I also wouldn't let depreciation be a guide for demand. Americans are really bad about "used" anything. There's a stigma against buying used, and I'm convinced that most Americans could cut their budgets in half simply by only buying pre-owned goods. The only reason Tesla EVs maintain their original value so much better than other EVs is because Tesla as a company is actively buying back their vehicles in order to resell them as certified pre-owned (unlocking features which allow them to sell at a higher profit).
Also, on the depreciation problem. When I purchased my Bolt in 2018 it had around $6,000 off MSRP and a 7,500 tax credit, so I paid out the door right around $30,000 (I have posts on here from that time with more accurate numbers). If I sold it used a year later, for 25,000 it would have been $5,000 of depreciation (very reasonable) but technically, sticker price was nearly 45,000 so the perceived depreciation would have been $20,000. So real world around 16% depreciation (based on $30,000 and $5,000)... on paper almost 45% depreciation (based on $45,000 and $20,000).

Keith
 

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Also, on the depreciation problem. When I purchased my Bolt in 2018 it had around $6,000 off MSRP and a 7,500 tax credit, so I paid out the door right around $30,000 (I have posts on here from that time with more accurate numbers). If I sold it used a year later, for 25,000 it would have been $5,000 of depreciation (very reasonable) but technically, sticker price was nearly 45,000 so the perceived depreciation would have been $20,000. So real world around 16% depreciation (based on $30,000 and $5,000)... on paper almost 45% depreciation (based on $45,000 and $20,000).

Keith
This has been a perennial problem with EVs. The depreciation looks terrible on paper. It is always compared to MSRP, which is nowhere near the actual purchase price. If I try to find a used 2019 Bolt, it will be almost as expensive as a branch new 2020 Bolt (after incentives), despite having the older 60kWh battery.
 

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Also, on the depreciation problem. When I purchased my Bolt in 2018 it had around $6,000 off MSRP and a 7,500 tax credit, so I paid out the door right around $30,000 (I have posts on here from that time with more accurate numbers). If I sold it used a year later, for 25,000 it would have been $5,000 of depreciation (very reasonable) but technically, sticker price was nearly 45,000 so the perceived depreciation would have been $20,000. So real world around 16% depreciation (based on $30,000 and $5,000)... on paper almost 45% depreciation (based on $45,000 and $20,000).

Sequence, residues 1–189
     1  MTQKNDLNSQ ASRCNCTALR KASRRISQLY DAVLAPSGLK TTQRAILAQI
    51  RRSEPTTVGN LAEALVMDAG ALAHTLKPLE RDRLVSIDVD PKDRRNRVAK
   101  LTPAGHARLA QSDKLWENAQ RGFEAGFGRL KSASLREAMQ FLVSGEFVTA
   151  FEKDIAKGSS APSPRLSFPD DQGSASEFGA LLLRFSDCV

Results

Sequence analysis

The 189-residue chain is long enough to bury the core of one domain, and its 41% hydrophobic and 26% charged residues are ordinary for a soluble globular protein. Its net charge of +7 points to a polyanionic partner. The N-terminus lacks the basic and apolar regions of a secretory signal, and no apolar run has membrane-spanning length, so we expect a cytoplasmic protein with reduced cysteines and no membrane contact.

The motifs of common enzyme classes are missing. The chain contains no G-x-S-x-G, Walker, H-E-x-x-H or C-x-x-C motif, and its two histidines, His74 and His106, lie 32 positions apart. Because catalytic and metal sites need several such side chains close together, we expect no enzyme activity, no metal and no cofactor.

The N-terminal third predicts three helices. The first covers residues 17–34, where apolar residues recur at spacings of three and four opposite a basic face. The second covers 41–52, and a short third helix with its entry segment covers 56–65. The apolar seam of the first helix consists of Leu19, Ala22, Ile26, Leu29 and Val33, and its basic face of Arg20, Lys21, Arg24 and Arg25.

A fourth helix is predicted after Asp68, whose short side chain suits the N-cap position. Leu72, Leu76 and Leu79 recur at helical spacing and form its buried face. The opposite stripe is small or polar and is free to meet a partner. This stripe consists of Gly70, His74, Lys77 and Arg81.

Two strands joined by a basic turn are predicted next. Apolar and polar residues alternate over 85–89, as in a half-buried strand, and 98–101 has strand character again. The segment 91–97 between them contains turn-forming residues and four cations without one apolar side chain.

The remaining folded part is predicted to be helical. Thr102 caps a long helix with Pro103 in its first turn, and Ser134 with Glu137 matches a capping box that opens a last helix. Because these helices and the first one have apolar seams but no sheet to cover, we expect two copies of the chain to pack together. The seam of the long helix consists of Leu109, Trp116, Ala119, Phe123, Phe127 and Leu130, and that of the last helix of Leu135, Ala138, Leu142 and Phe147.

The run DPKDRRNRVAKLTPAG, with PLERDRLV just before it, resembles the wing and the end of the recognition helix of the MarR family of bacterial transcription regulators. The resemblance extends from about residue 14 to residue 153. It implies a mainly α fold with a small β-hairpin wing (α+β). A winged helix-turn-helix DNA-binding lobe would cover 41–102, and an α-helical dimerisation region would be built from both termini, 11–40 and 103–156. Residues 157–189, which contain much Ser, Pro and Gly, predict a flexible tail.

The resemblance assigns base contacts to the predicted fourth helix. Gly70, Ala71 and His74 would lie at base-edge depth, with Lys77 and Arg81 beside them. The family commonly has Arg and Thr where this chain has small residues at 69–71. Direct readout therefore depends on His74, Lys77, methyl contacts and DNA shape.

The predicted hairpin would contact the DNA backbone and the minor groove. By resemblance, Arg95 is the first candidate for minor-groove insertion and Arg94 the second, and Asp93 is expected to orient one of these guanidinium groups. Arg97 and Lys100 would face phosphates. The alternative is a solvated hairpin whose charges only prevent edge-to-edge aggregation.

Keith
This has been a perennial problem with EVs. The depreciation looks terrible on paper. It is always compared to MSRP, which is nowhere near the actual purchase price. If I try to find a used 2019 Bolt, it will be almost as expensive as a branch new 2020 Bolt (after incentives), despite having the older 60kWh battery.
My first experience with this was helping a friend who hit hard economic times and needed to downgrade from a $50,000 SUV to a $20,000 sedan. He still owed over $40,000 on the SUV, and when he went to trade it in, he was quoted something around half of the original price. He couldn't believe it because the SUV was only about a year and a half old. The sales rep explained that, over the SUV's life, it had received promotional discounts of over $12,000 (my friend had passed on the $5,000 at the time in lieu of 0% APR), and regardless of whether someone actually cashed in on those discounts, the trade in value assumed that they had. So driving off the lot brand new (per trade in value), the SUV was worth less than $38,000. The year and a half of driving took another third or so off of that. So despite making principal only payments for the last year and a half, he was still underwater by something like 15 grand.

Is it fair that all cars of a particular model depreciate by an amount equal to the greatest of all discounts available during their time on the market? Probably not, but that's the way it is.
 

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Tesla is electric BMW. They're marketed towards that crowd, and attract that kind of client. To them, no lowly POS Chevy will ever be good enough, no matter how properly good it is. This is your stereotypical Tesla fanboy.
OMG, please tell me you don't believe your own ****.